December 13, 2005

To foie or not to foie?

I have never liked foie gras... that is, until I had it at TRU, Rick Tramanto's Chicago restaurant. In fact, I didn't even like it the night before, at Alinea, when it was served there. I could certainly live without it, but the people who are militantly against it have come up with some kinky duck posters.

click to enlarge

In Belgium, an outdoor campaign is hoping to educate people about Foie Gras, that fancy sounding fatty liver dish. Apparently Foie Gras is made from the enlarged livers of geese and/or ducks who are force fed in captivity so that their livers dramatically expand. The campaign was supposed to run in 40 major Belgian railway stations but the railway company refused the posters because they are "too shocking" according to one news report.

(Via AdRants)

To be accurate, foie gras from fattened liver CAN be a natural thing: fowl preparing for migrations gorge themselves to get fat for the flight. It's one of those things that producers now exploit out of season, to the (alleged) detriment of the individual animal. For those who protest the practice as cruel, let's talk about your thanksgiving turkey, your christmas goose, the eggs you had for breakfast, or whatever animal you consumed for last night's dinner.

Last thing I ate or drank: coffee made in a French press. Just for the change of pace.

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  1. You should travel to the south of France sometime, to see the "gavage" -- that's how they fatten the livers; it's a very old tradition. They point the goose's beak up, stick in a funnel, and pour in food. Not exactly comfortable. But, as you say, none of the meat that we eat comes from particularly friendly and gentle sources. That's just not how it works to be a carnivore.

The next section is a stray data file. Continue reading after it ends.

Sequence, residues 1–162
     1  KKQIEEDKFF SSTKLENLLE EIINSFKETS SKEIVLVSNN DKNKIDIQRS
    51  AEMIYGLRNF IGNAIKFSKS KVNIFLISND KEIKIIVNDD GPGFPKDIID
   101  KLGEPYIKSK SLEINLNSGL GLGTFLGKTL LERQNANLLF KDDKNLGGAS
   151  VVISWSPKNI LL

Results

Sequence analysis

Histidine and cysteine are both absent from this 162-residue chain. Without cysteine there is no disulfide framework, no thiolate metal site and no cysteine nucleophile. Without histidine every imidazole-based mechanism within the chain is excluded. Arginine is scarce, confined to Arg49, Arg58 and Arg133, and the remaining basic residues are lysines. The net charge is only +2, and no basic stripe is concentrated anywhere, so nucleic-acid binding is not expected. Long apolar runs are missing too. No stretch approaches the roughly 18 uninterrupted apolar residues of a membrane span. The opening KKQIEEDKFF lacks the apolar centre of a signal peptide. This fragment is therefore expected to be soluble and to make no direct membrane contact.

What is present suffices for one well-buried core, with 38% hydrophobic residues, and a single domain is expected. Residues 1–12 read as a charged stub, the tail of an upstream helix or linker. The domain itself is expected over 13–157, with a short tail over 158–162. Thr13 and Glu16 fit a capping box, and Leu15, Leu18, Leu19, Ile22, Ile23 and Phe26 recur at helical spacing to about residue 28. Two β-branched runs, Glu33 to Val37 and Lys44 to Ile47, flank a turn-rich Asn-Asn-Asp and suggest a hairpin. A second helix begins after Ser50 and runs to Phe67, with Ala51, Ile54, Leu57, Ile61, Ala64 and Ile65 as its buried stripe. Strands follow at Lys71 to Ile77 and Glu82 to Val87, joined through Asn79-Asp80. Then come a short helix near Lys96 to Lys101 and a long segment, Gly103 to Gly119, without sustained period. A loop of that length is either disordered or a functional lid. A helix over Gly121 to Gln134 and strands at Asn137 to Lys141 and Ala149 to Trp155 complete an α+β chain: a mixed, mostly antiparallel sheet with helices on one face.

2. Technically, though the process supposedly mimics the self-fattening the geese and ducks do, the gavage inflates the liver far beyond what they do to themselves.

    A duck would have a hard time migrating with a 1-lb. liver, and at any rate Muscovies (less commonly used ducks) and by inference Mulards (the most commonly used ducks, a hybrid between the Muscovy and Pekin) aren't migratory.

    Also, while the migration explanation is the most common, it has some holes. Female ducks don't produce what we consider foie gras. Surely they migrate the same way? And only a very few migratory waterfowl produce foie gras through gavage (just the ones used in modern production).


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